Extreme temperatures sparked by global warming have exacerbated the impact of a historic drought on Argentina’s agricultural production, according to young scientists from several countries who participate in the academic initiative, World Weather Attribution.
Argentina, a key global provider of food, has suffered from a series of heatwaves in recent months that, combined with a prolonged shortage of water, has prompted analysts to dramatically cut their forecasts for soybeans, maize and wheat, the country’s principal crops.
Although the shortage of water can be explained by the La Niña weather phenomenon, a cooling of the equatorial Pacific which reduces rainfall in parts of Argentina, scientists from the WWA said that the extreme temperatures were a product of global warming.
“The region is experiencing intense heat waves, which climate change has made more frequent, intense, and longer,” a WWA statement said. It added that the scientists have found that climate change caused by human activity made extreme temperatures in December 60 times more likely.
Last week, a large part of Argentina’s agricultural land suffered a renewed heatwave which lasted for several days and rapidly consumed the precipitation that had fallen in late January and February in the areas that were in desperate need of water.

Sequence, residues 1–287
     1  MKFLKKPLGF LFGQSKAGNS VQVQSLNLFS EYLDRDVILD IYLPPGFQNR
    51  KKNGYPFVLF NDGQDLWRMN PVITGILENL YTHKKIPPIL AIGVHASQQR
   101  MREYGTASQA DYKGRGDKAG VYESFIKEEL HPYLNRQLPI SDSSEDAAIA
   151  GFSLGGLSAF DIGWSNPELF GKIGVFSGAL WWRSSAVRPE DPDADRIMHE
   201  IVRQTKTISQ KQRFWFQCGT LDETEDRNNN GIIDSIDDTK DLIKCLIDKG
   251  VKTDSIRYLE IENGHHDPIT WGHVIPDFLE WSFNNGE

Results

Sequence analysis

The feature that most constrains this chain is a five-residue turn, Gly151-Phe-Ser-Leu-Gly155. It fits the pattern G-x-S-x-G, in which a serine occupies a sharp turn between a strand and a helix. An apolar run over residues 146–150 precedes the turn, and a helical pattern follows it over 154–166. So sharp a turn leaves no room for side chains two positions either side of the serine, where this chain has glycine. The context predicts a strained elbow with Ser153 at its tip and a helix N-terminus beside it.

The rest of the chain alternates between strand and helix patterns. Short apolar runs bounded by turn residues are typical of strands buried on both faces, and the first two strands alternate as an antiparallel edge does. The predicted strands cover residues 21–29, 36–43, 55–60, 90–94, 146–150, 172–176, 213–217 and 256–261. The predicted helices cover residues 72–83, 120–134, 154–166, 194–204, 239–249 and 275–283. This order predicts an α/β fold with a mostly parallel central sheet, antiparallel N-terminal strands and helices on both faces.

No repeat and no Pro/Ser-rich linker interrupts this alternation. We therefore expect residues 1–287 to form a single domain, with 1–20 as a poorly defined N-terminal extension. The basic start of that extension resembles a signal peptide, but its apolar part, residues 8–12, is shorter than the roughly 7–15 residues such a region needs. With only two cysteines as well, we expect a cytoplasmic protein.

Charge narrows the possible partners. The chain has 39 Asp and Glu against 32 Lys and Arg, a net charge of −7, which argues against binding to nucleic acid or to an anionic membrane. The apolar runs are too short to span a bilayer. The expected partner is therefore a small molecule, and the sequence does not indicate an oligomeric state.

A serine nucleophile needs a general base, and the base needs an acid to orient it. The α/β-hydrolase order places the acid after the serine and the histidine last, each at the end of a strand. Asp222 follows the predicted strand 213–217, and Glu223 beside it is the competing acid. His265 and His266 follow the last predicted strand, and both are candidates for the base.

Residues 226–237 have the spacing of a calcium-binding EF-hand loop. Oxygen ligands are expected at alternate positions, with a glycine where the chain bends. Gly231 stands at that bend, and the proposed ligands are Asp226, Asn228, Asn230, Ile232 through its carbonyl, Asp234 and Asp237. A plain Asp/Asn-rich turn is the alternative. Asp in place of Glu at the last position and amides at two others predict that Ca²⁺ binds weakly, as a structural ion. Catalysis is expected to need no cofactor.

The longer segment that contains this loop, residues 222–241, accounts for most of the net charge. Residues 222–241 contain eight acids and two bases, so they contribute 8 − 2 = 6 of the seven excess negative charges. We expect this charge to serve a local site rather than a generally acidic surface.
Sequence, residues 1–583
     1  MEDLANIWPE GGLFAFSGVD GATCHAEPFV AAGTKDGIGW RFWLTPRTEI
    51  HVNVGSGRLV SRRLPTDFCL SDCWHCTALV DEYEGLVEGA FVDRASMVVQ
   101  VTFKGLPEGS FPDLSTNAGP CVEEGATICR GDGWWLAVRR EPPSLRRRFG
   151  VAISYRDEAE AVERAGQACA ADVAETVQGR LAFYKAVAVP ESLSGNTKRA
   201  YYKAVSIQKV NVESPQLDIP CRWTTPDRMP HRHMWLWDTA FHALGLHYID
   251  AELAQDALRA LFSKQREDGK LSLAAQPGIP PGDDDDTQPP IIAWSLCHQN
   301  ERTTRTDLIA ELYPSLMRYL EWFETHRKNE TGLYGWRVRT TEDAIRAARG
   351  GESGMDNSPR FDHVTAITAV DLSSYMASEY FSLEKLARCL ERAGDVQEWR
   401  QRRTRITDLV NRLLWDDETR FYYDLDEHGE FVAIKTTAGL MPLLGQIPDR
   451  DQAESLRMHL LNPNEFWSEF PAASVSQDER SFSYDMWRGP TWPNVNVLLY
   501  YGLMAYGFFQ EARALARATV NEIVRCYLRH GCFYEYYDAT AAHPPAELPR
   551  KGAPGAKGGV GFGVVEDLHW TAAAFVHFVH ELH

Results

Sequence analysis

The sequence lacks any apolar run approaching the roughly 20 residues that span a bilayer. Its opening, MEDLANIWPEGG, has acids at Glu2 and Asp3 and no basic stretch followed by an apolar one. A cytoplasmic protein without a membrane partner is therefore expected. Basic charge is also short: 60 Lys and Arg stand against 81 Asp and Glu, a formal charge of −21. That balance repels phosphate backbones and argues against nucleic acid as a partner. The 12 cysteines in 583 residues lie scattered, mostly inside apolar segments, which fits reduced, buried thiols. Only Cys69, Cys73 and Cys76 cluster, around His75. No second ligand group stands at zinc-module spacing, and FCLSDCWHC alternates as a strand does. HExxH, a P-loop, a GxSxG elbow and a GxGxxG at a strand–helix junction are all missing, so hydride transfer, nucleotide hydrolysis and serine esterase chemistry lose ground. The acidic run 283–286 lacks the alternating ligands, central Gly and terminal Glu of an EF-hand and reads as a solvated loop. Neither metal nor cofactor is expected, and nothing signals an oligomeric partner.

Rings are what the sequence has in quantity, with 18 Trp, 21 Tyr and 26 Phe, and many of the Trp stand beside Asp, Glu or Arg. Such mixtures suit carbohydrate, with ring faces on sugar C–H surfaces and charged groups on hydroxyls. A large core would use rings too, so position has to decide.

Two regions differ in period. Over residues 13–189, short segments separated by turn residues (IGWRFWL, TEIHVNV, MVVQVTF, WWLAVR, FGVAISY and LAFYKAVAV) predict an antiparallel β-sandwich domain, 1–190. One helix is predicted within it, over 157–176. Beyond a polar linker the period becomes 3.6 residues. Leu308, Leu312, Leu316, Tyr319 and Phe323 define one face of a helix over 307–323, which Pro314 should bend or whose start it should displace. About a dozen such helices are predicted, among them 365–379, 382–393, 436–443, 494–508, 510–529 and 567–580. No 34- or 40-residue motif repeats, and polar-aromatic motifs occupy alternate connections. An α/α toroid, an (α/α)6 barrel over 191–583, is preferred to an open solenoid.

“Higher temperatures in the region at the end of 2022, which have been attributed to climate change, reduced available water in the models, indicating that climate change probably reduced the availability of water during this period, making the agricultural drought worse,” the WWA said.
Argentina is the world’s main exporter of soy oil and soy flour, but last week the Rosario Stock Exchange cut its harvest forecast for the grain to 34.5 million tonnes, the lowest figure in 14 years, because of the impact of the drought.